KJ Your father’s death was traumatic for you. Was it after his death, when you were in that studio, that you stopped writing for money?
FH Yes, I became a night secretary instead. Filing in the dark and writing fiction and poetry by day.
KJ I’ve always been curious about this: Whom did you think of as your audience at that time? When you wrote, who did you think would be reading it?
FH I never thought too much about my audience, really. Of course, I wanted to be a winner like Françoise Sagan—with the same reading audience. But she was French. Because of my sort of Irish childhood, Northern California education, and friends in New York and Boston, I read quite a lot of Italian, Latin American, Haitian, African, Russian, and British fiction. So my reader was often imagined in other cultures and in their ways of thinking about the world. Not always, of course, but the combination of profound subjectivity with social consciousness was not so macho as it was inside American literature of that period.
KJ Can you explain more what you mean by that?
FH Think of Norman Mailer, Philip Roth, Hemingway, Richard Wright, and on. If you then read Julio Cortázar or Eugenio Montale, Marguerite Duras, Philip Larkin’s Girl in Winter, Iris Murdoch, Doris Lessing . . . damn! And what a relief when the hypersensitive Salinger arrived. But I don’t want to set up an argument or an extravagant claim, because I am really talking about an atmosphere and a contrast in atmospheres. It seemed that subjectivity had a better chance outside of America. Young female fiction writers in America, if they were at all experimental, were the bottom of the barrel. It was pretty much penises and guns around here after the war.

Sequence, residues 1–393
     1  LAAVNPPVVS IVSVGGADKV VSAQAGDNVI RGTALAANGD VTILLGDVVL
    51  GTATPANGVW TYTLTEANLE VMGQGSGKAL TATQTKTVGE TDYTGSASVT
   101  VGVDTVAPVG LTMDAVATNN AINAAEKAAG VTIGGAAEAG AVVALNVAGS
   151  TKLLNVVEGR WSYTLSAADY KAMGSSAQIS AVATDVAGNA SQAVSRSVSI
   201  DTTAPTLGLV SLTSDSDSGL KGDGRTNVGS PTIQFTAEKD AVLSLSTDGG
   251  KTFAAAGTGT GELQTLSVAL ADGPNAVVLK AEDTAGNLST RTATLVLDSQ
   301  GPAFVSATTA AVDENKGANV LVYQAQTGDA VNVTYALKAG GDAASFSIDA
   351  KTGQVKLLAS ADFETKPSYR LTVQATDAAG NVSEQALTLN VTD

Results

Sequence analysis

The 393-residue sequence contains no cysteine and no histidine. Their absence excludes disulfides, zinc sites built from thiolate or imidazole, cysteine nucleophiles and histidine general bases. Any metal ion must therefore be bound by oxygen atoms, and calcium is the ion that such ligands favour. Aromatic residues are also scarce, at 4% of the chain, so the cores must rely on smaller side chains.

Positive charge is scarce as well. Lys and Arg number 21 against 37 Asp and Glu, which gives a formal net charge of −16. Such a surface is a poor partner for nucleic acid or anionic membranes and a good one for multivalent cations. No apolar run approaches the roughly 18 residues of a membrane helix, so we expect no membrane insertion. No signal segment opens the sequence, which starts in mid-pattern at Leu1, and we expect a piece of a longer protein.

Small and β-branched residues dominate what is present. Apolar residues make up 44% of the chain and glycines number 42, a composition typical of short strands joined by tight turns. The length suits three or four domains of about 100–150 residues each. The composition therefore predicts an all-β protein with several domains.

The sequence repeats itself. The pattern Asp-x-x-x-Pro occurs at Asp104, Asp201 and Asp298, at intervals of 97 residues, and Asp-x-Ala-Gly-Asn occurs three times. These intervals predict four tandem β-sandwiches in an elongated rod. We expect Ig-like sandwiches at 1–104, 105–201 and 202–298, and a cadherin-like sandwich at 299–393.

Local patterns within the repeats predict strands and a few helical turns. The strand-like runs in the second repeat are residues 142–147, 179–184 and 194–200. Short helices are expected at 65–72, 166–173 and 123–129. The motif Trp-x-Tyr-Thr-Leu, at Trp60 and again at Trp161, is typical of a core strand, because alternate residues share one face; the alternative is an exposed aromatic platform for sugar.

KJ You were 27 years old when your first collection of short stories, Forty Whacks, was published by Houghton Mifflin in 1967. Around that same time your first collection of poems, Eggs, also came out. You were supposed to be “the hot new thing.” The New York Times called you “an exciting and promising writer.” Though Forty Whacks already shows an offbeat sensibility, after that your writing became increasingly experimental. Can you talk about the shift?
FH If you go back to my early novels published in paperback by Robert Wyatt at Avon Books shortly after Forty Whacks, you will see that I was already off the track. Houghton Mifflin rejected the way I was writing after 1968 and so, from then on, I was a small-press writer with publishers who let me do what I wanted. First, the Fiction Collective, then Sun and Moon Press. When I was desperate for money later on, Bob Wyatt suggested I try young-adult fiction, and so I was back to so-called pulp, but this time it was not so low because I knew my audience: my children and their friends. At the same time, I was writing poetry, and poetry remains the main influence on my prose.